The surviving personnel records cover masters and officers only, with some cadet records for the period 1917-73. Very little has survived before 1865, with particulars of just three captains before that date. However, a series of bound volumes contain details of service careers covering the period between 1865 and 1963, whilst there are also patchy records of pensions, lists of officers on individual ships, and so on, for various periods. There is a series of over 700 detailed individual personnel record books from the late 19th century to the mid-1960s.

Labour relations are patchily covered. For example, there are papers relating to the fitting up of a shed on Albert Dock for use by policemen during the strike of June 1893, including communications with the Watch Committee. There is a file relating to the Shipping Clerical Staffs Guild (later the Shipping Guild), with a copy of its Rules, press cuttings, correspondence, memoranda and leaflets, etc., between May 1919 and February 1931. And there are also files covering the Docks dispute with the National Amalgamated Stevedores & Dockers Union (including daily reports of members working in Hull docks) in June and July 1955.

Survival of material relating to the private and financial affairs of leading members of the Wilson family and chief managers has been quite poor, with a few exceptions. There is a sizeable collection of papers regarding the administration of the estate of Thomas Wilson, the founder, with a copy of his will and codicils (June 1868 and February 1869), accounts, bank pass books, press cuttings and some correspondence. Few papers of Charles Henry and Arthur Wilson have survived. What little correspondence remains is to be found chiefly amongst the correspondence files of their chief manager during their final years, Oswald Sanderson, giving instructions and opinions (often at variance with each other) when away from Hull. Very little survives for the second Lord Nunburnholme or his brother, Guy, and cousins, Kenneth and Clive, even though Kenneth remained a director of EWL until his death in 1947. Indeed, the most significant and revealing, though fairly small, collection relates to Oswald Sanderson himself. This contains original and copy correspondence (about 150 items) concerning his initial contacts with Charles and Arthur Wilson, and his relations with the Wilsons during the period running up to the sale of the firm in November 1916. An interesting oddity here is some correspondence regarding his possible purchase of the island of Gigha, Argyll (with sale catalogue) between November 1922 and April 1923.

There are substantial twentieth century records covering, directly or indirectly, companies wholly or partly owned by TWSC and/or EWL, and also various associated bodies. Representation in the collection varies according to the degree of involvement/ownership, and location of the body concerned. Thus there are fairly full corporate records (articles of association, directors and general minute books, details of share ownership, etc.), and financial and other records for wholly owned subsidiaries, such as the various insurance concerns (EWL Insurance Limited, London & East Riding Marine Insurance Company Limited, and London & Kingston Marine Insurance Company Limited); the transport operations run by Key Warehousing & Transport Company Limited and McMasters (Haulage) Limited; and the printing operation, which eventually became Tranby Printers Limited (1965-70 only). There is considerably less material for partly owned or independently operated firms, such as Amos & Smith Limited, Antwerp Steamship Company, Associated Humber Lines, the Polish-British Steamship Company, the paint and finishings group Storry Smithson & Company Limited (including its numerous subsidiaries), the United Shipping Company Limited, and the Wilson's and North Eastern Railway Shipping Company Ltd. Also, there are one or two oddities, including a minute book of Maritime Transportation Limited (1944-1969) (formerly the Gulf of Suez Steamship Company Limited), which was an Ellerman company, but joined EWL in the reorganisation of 1973. Most of the records for these firms are fairly routine, but with some unusual items. The United Shipping Company collection, for instance, includes papers concerning the problems experienced in obtaining payment for several loads of bristles evacuated from Archangel to New York and London in the autumn of 1919 - with, in some cases, negotiations over debts for non-payment dragging on into the late 1920s. For those operations which either folded, or were totally subsumed within TWSC or EWL operations, very little has survived, good examples being Bailey & Leethams (where there are some financial papers, and fleet and other valuations), the Humber Keel and Lighter Company (papers for the 1897-1904 period only), and WFLL (including various agreements - to found the Line, and later to sell it).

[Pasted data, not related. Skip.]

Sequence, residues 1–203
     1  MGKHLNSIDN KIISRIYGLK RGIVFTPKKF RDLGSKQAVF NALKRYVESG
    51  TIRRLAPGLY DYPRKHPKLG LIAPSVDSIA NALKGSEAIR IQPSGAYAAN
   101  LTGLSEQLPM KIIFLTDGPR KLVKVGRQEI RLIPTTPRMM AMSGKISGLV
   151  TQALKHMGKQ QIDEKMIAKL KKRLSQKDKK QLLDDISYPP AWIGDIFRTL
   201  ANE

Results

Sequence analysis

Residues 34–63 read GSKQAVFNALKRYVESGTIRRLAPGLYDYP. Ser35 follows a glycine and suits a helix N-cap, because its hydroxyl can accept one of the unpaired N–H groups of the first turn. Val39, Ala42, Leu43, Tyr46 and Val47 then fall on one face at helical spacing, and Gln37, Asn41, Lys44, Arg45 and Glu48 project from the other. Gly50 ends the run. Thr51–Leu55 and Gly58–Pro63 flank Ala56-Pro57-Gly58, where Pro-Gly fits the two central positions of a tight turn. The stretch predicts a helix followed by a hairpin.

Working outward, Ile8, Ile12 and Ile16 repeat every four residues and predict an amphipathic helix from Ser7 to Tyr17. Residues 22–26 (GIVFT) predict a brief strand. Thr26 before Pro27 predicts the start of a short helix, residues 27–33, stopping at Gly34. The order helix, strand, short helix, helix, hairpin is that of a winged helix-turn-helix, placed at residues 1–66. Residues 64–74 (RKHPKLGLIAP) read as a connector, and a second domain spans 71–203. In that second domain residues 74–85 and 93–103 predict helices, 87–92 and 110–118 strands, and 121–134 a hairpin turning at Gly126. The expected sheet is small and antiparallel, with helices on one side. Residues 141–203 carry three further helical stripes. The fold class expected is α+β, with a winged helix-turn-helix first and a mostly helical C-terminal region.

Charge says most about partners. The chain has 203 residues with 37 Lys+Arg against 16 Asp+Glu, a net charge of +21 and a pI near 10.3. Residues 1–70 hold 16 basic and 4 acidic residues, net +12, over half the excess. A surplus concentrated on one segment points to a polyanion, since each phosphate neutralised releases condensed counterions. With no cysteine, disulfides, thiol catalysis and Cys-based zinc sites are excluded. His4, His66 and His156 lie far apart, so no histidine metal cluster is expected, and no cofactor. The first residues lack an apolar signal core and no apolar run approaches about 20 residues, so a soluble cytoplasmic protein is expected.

Operations in New York are well represented, with records of EWL New York Incorporated from its establishment in 1921 until 1969, and substantial records covering the acquisition, rental, maintenance, and financing of piers at Castle Point and Hoboken, New Jersey, between 1883 and the early 1940s. There are some papers relating to the firm of Wilson & Co. in Gothenburg, but mainly concerning the deposition of securities with the Swedish government in relation to emigration agents at Stockholm between 1889 and 1892. And the Ellerman & Wilson Lines Agency Company Limited, Trieste is also represented, with correspondence and reports for the 1925-52 period.